The day marks the faint stirring of new life.  It shows here in this mild, rainy humid place.  The Japanese magnolia in my yard is sprouting all over with small green leaves.  There is a lot of dead brown junk, but I see the beginnings stirring underneath.  This weather would be considered spring by most other standards.  Emily looks onto a New England winter that is nothing like mine.

#1133, ca. 1868

The Snow that never drifts —
The transient, fragrant snow
That comes a single time a Year
Is softly driving now —

So thorough in the Tree
At night beneath the star
That it was February’s Foot
Experience would swear —

Like Winter as a Face
We stern and former knew
Repaired of all but Loneliness
By Nature’s Alibi —

Were every storm so spice
The Value could not be —
We buy with contrast — Pang is good
As near as memory —

The only thing Emily and I have in common right now is February’s Foot. We’re both under it. The difference between this condition in Amherst, Massachusetts and New Orleans is that here February’s Foot wears a jeweled strappy sandal with a soft sole and a kitten heel. In Emily’s case, the foot on her neck wears an ice-crusted boot, thick, solid, unforgiving.

The winter freeze in her poem has a cleansing quality, setting out a pure white space. The cold kills off everything but loneliness. The color of white is really the absence of color. We can even call white the color of death exactly—it does not point to loss or decay, but removal.  A vacancy, where life and color used to be.

This a an abrupt contrast to my February where winter is a riot of color. Purple, gold and green! Carnival is about to explode into our daily lives. We grow fat on cake and misbehavior. One of the first changes I noticed in myself when I made New Orleans my home was that my customary seasonal affective disorder disappeared. All my life I had experienced a deep depression in winter. My emotional state went into steep decline in January and a didn’t come up to a level approaching normal until April, after the ice had thawed. Once I’d had a few winters in New Orleans, I noticed this depression never had a chance to take hold of me again. Just as winter sadness began to creep into me, Carnival would snap its fingers, and I had to get busy, making my costume. It’s impossible to be depressed under the gauzy banner of Mardi Gras. Plus the weather doesn’t lock you indoors where depression incubates. Who knew?! All those years I didn’t need anti-depressants, just the Pagan Rites of Carnival.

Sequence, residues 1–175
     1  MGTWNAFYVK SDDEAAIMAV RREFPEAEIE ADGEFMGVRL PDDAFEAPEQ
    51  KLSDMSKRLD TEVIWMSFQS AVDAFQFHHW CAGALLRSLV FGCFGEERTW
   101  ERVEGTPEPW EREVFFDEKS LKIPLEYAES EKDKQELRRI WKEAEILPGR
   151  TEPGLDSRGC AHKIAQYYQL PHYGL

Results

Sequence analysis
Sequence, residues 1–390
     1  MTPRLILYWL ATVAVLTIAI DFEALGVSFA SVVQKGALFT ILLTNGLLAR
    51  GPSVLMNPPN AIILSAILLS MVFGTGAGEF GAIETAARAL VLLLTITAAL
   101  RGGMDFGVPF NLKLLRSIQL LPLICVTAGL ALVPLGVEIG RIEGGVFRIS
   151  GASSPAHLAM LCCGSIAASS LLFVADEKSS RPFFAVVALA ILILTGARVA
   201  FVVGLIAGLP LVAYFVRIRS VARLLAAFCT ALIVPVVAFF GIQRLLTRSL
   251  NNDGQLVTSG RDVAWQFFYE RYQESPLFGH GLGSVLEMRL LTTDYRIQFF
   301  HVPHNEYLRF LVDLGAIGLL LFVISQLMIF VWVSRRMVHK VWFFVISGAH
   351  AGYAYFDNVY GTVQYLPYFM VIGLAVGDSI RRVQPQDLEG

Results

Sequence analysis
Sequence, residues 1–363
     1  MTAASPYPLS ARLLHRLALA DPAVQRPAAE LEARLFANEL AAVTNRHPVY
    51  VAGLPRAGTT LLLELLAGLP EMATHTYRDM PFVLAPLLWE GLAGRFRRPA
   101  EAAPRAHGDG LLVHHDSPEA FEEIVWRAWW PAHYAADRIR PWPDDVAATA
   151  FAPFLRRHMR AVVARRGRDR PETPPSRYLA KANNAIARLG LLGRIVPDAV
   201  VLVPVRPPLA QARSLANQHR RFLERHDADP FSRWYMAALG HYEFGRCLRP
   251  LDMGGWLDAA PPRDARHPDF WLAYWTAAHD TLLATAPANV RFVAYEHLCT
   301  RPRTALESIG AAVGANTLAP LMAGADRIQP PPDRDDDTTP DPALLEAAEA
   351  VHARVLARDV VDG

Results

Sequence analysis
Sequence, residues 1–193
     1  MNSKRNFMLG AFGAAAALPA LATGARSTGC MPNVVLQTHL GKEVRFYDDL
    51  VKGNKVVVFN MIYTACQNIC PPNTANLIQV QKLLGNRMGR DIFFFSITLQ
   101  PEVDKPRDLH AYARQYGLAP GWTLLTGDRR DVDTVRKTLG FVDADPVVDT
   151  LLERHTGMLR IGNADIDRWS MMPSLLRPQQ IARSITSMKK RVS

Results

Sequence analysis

This is genius, whoever thought of it. What a smart antidote to the inevitable emotional flattening that our environment slams us with each season. Of course, New Orleans is not the only place to celebrate Carnival. The practice exists in France, Germany, Italy, South America . . . wherever you find deep and old enclaves of Roman Catholics, you find this wise, psycho-cultural anti-depressant. Just not in New England. Those Protestants wear their depression with pride. Important to note this is not the grand, sparkling, spiking pain of Roman Catholic suffering—also called “passion”—how operatic. No, the Protestants have cornered the market on that low-grade, chronic, dulling down, long drawn-out suffering—the pain of endurance.

I’m over-simplifying, but I’ve got my reasons.

Emily strives to make the point, “pang is good.” She insists we need these blanketing snow-bound February storms where all the eye can see disappears as if into the great void for a time, which on the poet’s clock is forever. Emily claims that without the contrast, we do not gain the emotional value of the return to life. While under the frost of February’s foot, the depressed person cannot remember anything else but nothingness and loneliness. It stretches infinitely in all directions at once. The depressed mind knows no limits, sees no shape or cycle to her emotional life. Each minute of winter is eternal.

Emily wants us to consider the value first of being muffled into vacancy and then given a reprieve. The shift from nothing to something, the first green shoot that sends life and juice into all our cells, and we return to ourselves. Em says we can’t fill ourselves up without first becoming empty.

I’m not sure . . . after enduring plenty of those vacant winters myself, I want to invite Emily to live in south Louisiana for a few seasons and then ask if she is still so attached to that seasonal affective disorder. I’m glad she has made poems about it. What else is there to do in western Massachusetts in February? Still I’d like to see what Emily would do with Carnival. Wouldn’t you?